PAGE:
HomeOpinionThirty-three years on Zim still yearns for freedom

Thirty-three years on Zim still yearns for freedom

THIS week Zimbabwe commemorated the 14th anniversary of the death of one of its greatest heroes of the liberation struggle, Joshua Mqabuko Nyongolo Nkomo.

Opinion by Dumisani Nkomo

As years go by, Nkomo proves through his legacy way after his death that he was indeed a hero.

A hero leaves a lasting legacy which impacts posterity and shapes collective destinies of generations to come.

Sadly, the contribution of the late mercurial Father of Zimbabwean nationalism and independence has been blighted by propaganda, distortions and outright omissions.

More importantly, we have conveniently tried to forget that sad and tragic chapter of his life between 1980 to 1987 when he was treated like a refugee in the country which he fought for over 50 years.

Surely, future generations will judge us for failing to accurately tell the history of this country without outlining the role of Nkomo, PF Zapu and its armed wing the Zimbabwe People’s Revolutionary Army (Zipra), which at its peak was one of the best guerilla movements in Africa.

If we are to commemorate and remember this great man with the dignity and respect befitting one of Africa’s finest nationalists, surely, we have to record history as it is and not try to alter it to suit our political whims.

With the impending decimation of the people of Matabeleland by the 5th Brigade, he was left with no choice, but to save the people through the 1987 Unity Accord.

Clearly, the accord, just like the Global Political Agreement, was not ideal, but appeared to be the only tenable solution to the problems in Matabeleland and Zimbabwe at that time.

He was a nationalist at heart and in practice. He truly believed that Zimbabwe belonged to those who lived in it whether Shona, Kalanga, Venda, Sotho or Ndebele, black or white.

He was prepared to even sacrifice his political career and ego in order to maintain the unity of the people of Zimbabwe. His sense of nationalism was a leadership virtue which glued various politicians of diverse backgrounds and ethnic origins together.

PF Zapu was not a Ndebele party as has been popularly postulated by old Zanu propagandists. It included the likes of Samuel Parirenyatwa, Josiah Chinamano, Joseph Msika, Amon Jirira and Willie Musarurwa.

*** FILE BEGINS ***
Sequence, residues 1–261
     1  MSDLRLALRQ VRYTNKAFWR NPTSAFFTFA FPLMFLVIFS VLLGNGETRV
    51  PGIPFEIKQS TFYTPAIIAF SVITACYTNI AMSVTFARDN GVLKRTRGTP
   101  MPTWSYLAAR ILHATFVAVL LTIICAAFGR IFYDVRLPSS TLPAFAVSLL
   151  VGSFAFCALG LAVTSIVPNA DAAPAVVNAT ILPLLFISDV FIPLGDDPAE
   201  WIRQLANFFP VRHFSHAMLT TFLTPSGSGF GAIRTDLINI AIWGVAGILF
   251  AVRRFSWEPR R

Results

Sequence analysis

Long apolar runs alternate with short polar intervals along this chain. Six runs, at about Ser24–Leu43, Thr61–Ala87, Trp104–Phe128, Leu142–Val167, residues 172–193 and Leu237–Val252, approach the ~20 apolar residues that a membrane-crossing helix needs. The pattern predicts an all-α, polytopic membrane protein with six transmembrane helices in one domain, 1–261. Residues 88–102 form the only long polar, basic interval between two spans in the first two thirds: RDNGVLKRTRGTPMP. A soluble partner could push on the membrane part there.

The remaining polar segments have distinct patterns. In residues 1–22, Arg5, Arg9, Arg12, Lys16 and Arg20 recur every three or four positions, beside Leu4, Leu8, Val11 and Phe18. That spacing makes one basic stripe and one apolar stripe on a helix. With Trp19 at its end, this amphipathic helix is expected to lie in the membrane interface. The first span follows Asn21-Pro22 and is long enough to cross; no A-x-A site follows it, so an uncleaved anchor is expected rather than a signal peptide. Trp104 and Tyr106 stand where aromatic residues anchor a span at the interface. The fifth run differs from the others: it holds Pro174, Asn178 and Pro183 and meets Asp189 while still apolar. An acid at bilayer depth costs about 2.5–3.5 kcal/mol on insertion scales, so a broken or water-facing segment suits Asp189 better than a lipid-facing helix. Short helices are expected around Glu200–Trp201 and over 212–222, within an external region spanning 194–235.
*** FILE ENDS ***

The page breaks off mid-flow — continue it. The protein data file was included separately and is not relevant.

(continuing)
Nkomo was one of the greatest nationalists Africa has ever had, who also contributed to the independence of other African countries such as South Africa and Angola — as Zipra forces fought side by side with Umkhonto weSizwe and MPLA guerillas in the late 1960s and 1970s in a demonstration of pan-African solidarity.

He exhibited his statesmanship when he refused to take to the bush after losing the 1980 elections. In addition, he had a clear understanding of global politics because at that time Mugabe was the darling of the international community and the Soviet-backed PF Zapu would have been isolated and the possibility of support from its traditional partner, Russia, was not guaranteed.

The country would still be embroiled in a deadly civil war up to now.

In a rare show of magnanimity, he refused to take up the post of titular president and chose to be home affairs minister in a government headed by a man who was a junior in the struggle.

Nkomo refused to revenge and sought reconciliation at all times. Even when he was in exile in London in 1984, he spoke of his desire to come back to rebuild Zimbabwe in spite of the hate language and violence that his opponents were spewing.

Quite correctly, in The Story of My Life he all too often referred to African leaders who confused their personal interests with those of the nation “and subsequently believe this”.

In the book, Nkomo also noted that he believed that “freedom lies ahead” and today, as Zimbabweans, we still yearn for freedom as this is not the Zimbabwe he and others fought for.

Nkomo is Habakkuk Trust CEO and spokesperson of the Matabeleland Civil Society Forum. He writes in his personal capacity. E-mail: dumisani.nkomo@gmail.com

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